Bonnie Eisenman bio photo

Bonnie Eisenman

Software engineer, author, knitter, Esperantist. Member of NYC Resistor and author of Learning React Native.
Email me: [email protected]

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When talking about the computer science research papers with other software engineers, I get a lot of comments to the effect of, “Neat! I wish I read papers, but … (I don’t).” Many of these comments were followed by “…and I feel some imposter syndrome over the fact that I don’t.”

Do software engineers and/or professional programmers read CS research papers?

After having a couple of these conversations, I was curious, so I polled my Twitter followers. The results were pretty even, at 45% yes / 55% no.

I have a lot of followers who are JavaScript-only developers, or frontend- and mobile-centric, thanks to my work with React Native. I also have a good number of Twitter employees following me. (Hi, coworkers!) Obviously, this is not a representative sample, but I still found it interesting.

tldr; I think that most programmers don’t read CS research papers. This makes sense! Research papers are their own genre, and reading papers is a skill that requires time, effort, and practice.

One of my professors assigned us this How to Read a Paper paper. It’s really useful and I’d recommend it to anyone who struggles with the research paper format.

Anyway, this got me thinking about whether or not working programmers read computer science research, and why.

Why is it useful to read papers?

  • Get new ideas.
  • Build up confidence critiquing ideas. Sometimes you read a paper and think, “why did they do that?” Discussing papers can be great practice for learning how to critique others’ proposals or designs.
  • Get a sense for the “state of the art”. Some people will tell you that papers are usually several years behind “today’s” tech. But that doesn’t mean they aren’t useful - reading papers can give you a sense of what currently-understood thinking in a field is.
  • Build up knowledge in a new area. If you don’t know much about a given topic area, beginning with a literature survey can be fun.
  • Learn the history of a field. There are some papers that are historically significant, and reading them will give you more context.

Why isn’t it useful to read papers?

  • Industry moves too fast / research papers are usually outdated. This is probably true a lot of the time! But then it begs the question: where are you positioned, industry-wide? If you’re working on cutting-edge stuff at your day job, cool. But you’re just one person, working at one organization. How are you keeping track of other companies’ cutting-edge work? (Conferences? Meetups? Twitter? Blog posts?)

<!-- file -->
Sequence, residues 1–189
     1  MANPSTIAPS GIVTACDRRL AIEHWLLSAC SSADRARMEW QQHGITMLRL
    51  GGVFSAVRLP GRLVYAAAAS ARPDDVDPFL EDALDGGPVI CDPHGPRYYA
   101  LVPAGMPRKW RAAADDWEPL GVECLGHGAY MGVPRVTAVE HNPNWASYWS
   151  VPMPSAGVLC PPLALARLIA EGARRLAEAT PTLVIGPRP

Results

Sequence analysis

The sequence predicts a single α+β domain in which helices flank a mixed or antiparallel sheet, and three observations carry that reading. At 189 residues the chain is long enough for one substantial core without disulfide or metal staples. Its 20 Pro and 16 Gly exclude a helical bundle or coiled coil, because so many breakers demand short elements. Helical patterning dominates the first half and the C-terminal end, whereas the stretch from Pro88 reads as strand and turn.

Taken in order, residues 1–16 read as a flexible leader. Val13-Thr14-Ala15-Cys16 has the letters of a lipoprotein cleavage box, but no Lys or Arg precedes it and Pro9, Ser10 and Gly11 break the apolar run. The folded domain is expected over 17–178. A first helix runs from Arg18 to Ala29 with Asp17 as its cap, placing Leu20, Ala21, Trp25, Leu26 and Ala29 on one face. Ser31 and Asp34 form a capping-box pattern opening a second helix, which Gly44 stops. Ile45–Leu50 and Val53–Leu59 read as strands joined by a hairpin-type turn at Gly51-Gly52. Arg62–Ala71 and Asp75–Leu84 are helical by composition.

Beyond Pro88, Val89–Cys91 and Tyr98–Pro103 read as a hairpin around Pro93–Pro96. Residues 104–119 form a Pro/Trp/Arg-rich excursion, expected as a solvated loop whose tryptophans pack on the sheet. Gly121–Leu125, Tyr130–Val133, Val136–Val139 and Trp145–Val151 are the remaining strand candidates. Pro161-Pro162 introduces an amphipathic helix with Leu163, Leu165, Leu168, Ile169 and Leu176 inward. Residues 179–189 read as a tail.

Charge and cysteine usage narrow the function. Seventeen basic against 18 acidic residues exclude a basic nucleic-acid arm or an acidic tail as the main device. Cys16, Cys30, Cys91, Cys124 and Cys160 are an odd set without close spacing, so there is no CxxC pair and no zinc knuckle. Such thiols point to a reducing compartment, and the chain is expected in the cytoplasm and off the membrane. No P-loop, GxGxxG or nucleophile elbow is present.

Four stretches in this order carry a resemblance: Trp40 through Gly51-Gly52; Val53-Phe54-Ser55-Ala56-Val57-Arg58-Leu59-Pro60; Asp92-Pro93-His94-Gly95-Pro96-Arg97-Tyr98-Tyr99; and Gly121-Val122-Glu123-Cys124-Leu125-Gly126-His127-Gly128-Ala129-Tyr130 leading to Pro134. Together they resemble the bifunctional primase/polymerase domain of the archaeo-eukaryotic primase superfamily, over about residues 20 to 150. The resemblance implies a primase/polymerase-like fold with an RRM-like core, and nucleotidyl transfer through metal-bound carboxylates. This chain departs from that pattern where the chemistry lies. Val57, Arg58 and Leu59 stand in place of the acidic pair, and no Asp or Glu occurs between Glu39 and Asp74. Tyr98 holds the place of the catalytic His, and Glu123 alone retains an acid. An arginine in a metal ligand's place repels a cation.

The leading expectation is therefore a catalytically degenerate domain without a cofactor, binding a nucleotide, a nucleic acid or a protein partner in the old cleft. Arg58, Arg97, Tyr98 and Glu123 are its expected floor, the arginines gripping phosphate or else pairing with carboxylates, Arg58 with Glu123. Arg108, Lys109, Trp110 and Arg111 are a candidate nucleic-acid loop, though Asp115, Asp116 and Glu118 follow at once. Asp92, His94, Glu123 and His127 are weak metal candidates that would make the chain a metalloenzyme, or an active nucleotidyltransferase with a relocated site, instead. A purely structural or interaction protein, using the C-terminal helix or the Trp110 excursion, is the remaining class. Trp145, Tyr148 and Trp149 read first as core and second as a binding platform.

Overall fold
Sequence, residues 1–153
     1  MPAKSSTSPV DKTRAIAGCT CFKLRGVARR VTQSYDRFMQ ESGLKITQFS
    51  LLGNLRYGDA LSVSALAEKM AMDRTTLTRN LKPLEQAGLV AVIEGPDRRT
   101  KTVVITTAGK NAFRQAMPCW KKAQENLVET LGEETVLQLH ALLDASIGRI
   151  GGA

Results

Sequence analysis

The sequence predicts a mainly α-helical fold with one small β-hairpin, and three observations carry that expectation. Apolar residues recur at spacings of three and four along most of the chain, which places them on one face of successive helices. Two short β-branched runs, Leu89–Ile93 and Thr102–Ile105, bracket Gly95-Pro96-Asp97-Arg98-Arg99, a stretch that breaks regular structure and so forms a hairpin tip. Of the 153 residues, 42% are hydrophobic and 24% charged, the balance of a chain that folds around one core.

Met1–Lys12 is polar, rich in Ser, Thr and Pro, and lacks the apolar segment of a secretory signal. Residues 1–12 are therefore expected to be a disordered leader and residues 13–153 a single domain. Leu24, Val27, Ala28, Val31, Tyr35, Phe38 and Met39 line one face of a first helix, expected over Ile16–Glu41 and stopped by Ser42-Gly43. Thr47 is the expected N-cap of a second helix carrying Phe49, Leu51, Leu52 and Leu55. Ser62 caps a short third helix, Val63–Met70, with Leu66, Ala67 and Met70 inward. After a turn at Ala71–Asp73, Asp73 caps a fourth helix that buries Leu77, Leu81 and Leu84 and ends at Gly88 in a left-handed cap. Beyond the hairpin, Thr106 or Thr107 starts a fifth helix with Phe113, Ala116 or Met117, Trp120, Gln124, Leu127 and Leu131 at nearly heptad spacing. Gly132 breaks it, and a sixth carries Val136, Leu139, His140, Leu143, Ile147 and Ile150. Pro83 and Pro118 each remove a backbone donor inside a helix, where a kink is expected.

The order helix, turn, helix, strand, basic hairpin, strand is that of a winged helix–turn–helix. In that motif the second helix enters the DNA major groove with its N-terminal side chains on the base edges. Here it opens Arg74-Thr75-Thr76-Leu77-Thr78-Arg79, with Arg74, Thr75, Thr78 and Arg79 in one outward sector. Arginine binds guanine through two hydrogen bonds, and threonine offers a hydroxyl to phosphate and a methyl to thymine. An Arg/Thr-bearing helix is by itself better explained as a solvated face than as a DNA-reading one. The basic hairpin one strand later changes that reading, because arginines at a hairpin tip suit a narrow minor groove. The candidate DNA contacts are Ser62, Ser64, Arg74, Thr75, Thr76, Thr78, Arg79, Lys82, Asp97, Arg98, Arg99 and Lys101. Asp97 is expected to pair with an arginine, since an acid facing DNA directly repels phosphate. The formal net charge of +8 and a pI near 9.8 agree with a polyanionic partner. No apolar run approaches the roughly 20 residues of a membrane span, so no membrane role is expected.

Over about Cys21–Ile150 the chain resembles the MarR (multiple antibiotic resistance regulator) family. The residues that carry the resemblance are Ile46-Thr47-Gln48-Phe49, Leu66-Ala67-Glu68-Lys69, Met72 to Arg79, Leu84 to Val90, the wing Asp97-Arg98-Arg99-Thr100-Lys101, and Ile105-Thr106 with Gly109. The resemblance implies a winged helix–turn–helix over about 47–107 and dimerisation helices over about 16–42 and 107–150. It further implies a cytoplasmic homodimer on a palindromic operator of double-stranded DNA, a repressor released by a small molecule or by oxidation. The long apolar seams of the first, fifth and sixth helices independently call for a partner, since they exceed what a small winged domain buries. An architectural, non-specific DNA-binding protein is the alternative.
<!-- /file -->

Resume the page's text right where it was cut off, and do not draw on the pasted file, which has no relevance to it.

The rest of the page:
• Reading papers is hard / not worth my time. Legit! I can’t really argue with this one.

  • There isn’t useful research in my field. Also possible, if your particular kind of work isn’t addressed by academia.

Should you read papers?

For the general “you”, as usual, I think the answer is “you’re not obligated to do anything”.

In general I like to always be learning things, and studying what other people are doing. Papers are one source of this kind of information, but far from the only source, or even the best one. I try to fill my feed with a diversity of sources for this kind of thing: Twitter, RSS feeds from individual blogs, recommendations from my friends, conversations at meetups, conference talks, etc, etc…

(I’m not recommending that anyone spend all their free time on this, either. IMO trying to learn more things is a legitimate use of work-time!)

By that metric, I should be reading papers because it’s one more source of information, and I personally find it to be interesting/valuable from time to time. Should you read papers? I dunno! I think it’s something that depends a lot on your individual goals, preferences, and interests.

Some links if you’re interested in reading more papers:

  • the morning paper - a blog that describes + links to one CS paper per weekday
  • Papers We Love - a repo of computer science papers, and a community of people who love reading them

And some papers I’ve read lately:

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